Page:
Meet Red, the vehicle of choice for the Moroccan Rally 2012.
A 1963 Ex-Military Land Rover Series 2A SWB, registered for civilian use in 1972 and turning 49 years old for the Moroccan Rally 2012. Red is no stranger to the Sahara, this is Red's 3rd time to the Sahara.
The last time Red was in the Sahara, Red suffered a number of failures, one near fatal for the car took place. A snapped chassis, head gasket failure (resulting in Red running on only 3 cylinders for the majority of the previous road trip), clutch failure, gearbox failure (2nd gear disappeared) and over heating are some of the issues. However, Red is a sturdy beast and has recently been fitted with an electronic ignition, rebuilt gearbox, new shock absorbers and an improved braking system.
Engine: 2.25 Litre Petrol
Power: 70 BHP
Top speed: 65MPH with some tailwind
Creature comforts: Comfy seats and a loud stereo system
Modern cars are great, usually pretty reliable, quite economical (usually) and have evolved significantly over the years. That is all good and well, except that is way too sophisticated and reliable for us to have any real sense of adventure, so yet again we have opted for something a bit older.
A lot of people have heard of the Rusty Rhinos' adventures across the Sahara. Behind the scenes was a Herculean amount of work that has gone into preparing Red, the nearly-50-year-old Land Rover, for the task. I'm here to tell you all about it!
I'm Lewis Collard, and I'm part of the Rusty Rhinos ground crew. My speciality is removing propshafts, mostly because nobody else wants to do it. I also function as a human painting jig, as seen above.
You all know of Red as this tough, desert-conquering beast:
But what we started with was something like this:
Here's the Land Rover, affectionately nicknamed "Red" (or "The Red Shed"), as Alex bought it: £500 from eBay, from an auction titled simply "Land Rover". It is an ex-military Series IIA 2.25 petrol, built in 1963 and decommissioned from the military in 1972. It had an MOT, which is supposed to be some kind of indicator of road-worthiness. You might not know that MOT testers are not allowed to poke around too much, or to knock anything so hard that holes will appear. One can see the logic in that, but if a vehicle is to go across the Sahara, it also makes sense to prod around a little more vigorously. We prodded around a lot more vigorously, with hammers and screwdrivers and other implements of destruction, and found some pretty horrible things:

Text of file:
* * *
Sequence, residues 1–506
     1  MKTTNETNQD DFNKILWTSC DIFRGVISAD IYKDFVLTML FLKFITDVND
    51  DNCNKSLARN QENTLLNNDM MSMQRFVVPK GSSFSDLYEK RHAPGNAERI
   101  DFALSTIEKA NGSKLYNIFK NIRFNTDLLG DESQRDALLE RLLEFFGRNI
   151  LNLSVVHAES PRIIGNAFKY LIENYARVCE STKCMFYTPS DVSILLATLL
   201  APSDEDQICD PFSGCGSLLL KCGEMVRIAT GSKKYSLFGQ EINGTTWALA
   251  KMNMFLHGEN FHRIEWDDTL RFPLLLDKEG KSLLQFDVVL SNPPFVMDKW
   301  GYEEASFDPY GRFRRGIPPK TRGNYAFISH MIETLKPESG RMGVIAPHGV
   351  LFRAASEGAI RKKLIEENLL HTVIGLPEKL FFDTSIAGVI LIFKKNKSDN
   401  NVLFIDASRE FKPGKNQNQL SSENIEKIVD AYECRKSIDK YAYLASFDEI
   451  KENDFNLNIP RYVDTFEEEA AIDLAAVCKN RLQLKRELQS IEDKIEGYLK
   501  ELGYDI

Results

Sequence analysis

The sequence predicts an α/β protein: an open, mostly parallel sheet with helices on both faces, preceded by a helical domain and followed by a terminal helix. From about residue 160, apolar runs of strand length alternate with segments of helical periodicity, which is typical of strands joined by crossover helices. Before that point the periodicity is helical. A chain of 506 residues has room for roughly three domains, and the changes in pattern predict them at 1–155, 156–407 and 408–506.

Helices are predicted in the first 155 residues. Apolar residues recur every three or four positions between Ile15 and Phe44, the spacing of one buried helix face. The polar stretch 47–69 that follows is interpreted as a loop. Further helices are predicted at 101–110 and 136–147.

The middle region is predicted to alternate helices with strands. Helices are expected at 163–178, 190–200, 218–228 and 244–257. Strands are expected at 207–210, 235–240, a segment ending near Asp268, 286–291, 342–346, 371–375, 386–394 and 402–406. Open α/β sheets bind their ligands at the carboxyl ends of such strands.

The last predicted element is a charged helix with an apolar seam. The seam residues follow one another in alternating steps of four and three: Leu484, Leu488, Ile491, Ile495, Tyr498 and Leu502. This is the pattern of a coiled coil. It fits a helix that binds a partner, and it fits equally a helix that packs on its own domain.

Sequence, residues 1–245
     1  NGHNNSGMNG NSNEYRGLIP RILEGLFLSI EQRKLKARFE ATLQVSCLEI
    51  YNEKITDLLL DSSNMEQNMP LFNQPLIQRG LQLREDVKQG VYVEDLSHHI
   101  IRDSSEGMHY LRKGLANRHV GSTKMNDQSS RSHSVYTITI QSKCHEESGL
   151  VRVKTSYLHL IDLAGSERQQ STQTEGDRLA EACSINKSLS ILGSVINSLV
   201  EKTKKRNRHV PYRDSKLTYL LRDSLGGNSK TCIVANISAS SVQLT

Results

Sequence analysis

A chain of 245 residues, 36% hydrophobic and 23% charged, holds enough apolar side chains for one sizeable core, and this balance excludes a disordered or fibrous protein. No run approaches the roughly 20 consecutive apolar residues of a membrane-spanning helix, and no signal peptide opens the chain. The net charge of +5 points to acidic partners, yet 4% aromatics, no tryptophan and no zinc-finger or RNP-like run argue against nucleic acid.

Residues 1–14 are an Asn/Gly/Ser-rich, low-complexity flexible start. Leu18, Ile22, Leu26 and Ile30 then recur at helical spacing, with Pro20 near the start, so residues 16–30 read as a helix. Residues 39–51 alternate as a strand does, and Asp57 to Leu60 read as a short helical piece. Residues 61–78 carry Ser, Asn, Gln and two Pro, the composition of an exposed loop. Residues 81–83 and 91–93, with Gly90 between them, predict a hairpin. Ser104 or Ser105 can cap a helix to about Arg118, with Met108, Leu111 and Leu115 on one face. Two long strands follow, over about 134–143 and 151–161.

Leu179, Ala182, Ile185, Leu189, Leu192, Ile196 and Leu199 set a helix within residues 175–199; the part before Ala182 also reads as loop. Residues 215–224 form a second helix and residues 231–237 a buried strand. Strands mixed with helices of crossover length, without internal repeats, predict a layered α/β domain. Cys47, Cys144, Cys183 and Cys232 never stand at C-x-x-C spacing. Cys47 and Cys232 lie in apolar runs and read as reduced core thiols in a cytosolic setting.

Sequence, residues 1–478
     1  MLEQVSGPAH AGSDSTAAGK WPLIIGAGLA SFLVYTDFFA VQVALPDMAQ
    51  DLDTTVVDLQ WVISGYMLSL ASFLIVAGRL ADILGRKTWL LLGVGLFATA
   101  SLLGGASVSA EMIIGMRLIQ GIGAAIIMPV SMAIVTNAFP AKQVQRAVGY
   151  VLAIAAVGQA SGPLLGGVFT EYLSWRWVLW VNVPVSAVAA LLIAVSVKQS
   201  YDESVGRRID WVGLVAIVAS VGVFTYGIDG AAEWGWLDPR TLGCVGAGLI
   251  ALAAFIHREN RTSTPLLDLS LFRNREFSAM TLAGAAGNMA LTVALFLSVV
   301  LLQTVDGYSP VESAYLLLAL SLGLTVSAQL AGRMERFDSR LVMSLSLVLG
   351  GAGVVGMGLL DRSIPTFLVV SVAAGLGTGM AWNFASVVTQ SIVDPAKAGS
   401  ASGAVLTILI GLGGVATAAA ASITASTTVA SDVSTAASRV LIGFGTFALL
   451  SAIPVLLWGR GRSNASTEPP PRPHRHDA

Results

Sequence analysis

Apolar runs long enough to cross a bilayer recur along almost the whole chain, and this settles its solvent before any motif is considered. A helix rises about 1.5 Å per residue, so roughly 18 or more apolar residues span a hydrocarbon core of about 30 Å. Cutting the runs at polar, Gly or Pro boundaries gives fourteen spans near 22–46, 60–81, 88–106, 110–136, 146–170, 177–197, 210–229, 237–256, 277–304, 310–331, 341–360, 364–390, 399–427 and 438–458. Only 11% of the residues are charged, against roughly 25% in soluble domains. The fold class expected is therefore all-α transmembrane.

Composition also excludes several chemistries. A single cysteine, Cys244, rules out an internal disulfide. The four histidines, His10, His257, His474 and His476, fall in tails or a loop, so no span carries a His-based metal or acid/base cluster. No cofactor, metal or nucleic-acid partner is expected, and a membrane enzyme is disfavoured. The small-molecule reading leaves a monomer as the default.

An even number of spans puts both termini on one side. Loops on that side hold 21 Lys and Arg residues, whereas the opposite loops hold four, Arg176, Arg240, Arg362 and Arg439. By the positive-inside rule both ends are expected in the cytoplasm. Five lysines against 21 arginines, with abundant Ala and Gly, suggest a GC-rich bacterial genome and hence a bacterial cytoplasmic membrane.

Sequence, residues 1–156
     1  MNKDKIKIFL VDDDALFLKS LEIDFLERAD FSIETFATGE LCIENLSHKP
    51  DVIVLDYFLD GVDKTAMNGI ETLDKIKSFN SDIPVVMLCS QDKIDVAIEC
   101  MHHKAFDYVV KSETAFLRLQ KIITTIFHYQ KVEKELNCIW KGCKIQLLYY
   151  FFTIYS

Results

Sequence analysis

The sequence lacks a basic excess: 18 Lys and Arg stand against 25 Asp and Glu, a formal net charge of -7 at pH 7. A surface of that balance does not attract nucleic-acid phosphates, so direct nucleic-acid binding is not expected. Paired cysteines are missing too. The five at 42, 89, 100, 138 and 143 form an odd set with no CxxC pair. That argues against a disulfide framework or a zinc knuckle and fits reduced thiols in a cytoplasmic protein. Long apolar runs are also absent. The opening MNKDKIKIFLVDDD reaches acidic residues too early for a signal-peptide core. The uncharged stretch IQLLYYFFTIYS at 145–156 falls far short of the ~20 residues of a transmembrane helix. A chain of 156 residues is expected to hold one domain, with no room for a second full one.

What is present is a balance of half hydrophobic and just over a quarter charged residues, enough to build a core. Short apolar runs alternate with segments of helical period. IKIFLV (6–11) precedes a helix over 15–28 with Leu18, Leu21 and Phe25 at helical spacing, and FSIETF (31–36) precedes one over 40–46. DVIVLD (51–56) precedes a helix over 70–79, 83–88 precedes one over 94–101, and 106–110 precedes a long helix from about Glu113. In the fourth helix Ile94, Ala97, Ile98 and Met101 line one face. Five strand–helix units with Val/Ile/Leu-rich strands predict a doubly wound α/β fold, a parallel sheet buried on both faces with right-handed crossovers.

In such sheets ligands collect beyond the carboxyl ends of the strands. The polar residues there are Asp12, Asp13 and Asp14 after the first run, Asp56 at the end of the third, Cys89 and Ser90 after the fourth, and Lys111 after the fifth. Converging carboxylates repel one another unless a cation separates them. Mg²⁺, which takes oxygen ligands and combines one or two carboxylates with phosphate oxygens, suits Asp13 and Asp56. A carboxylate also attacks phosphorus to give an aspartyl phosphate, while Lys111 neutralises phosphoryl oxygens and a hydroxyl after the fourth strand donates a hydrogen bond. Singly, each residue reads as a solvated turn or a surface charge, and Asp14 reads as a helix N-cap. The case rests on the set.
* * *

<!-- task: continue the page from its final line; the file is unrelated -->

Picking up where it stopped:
What you see here is an actual Coke can, flattened out and glued to the chassis with silicon sealant in an absolutely strength-critical part of the chassis (just in front of one of the rear spring hangers). That was an especially egregious example, but we did find plenty of rust, and where there wasn't rust there were awful half-hearted repairs.
In the end, we ended up stripping Red right down until it was literally an engine, bulkhead and gearbox sitting on half a chassis.
Or, "bet the neighbours love us!"
The chunk of chassis that has been hacked off in the photograph above included the totally rotten rear crossmember:
I wouldn't possibly detail all the welding work that had to be done; if you want that, pick up a Land Rover parts catalogue and put ticks next to all of the steel components. In short though, our job for months of weekends was mostly welding, fabrication, welding, and preparation for welding when we weren't busy welding welding welding.
I say "our job", but all the work of doing the actual welding was carried out by the other member of the Rusty Rhinos Ground Crew, Maurice. Say hi to Maurice, the Actual Man Behind the Mask:
Here he is welding the new rear quarter-chassis in place (the section cut off in the earlier picture). On top of his considerable welding skills, his vast knowledge of Land Rovers has been indispensable in our bringing this once-rotten, half-knackered Land Rover back to life and we certainly could not have done this without him. Thanks, Maurice!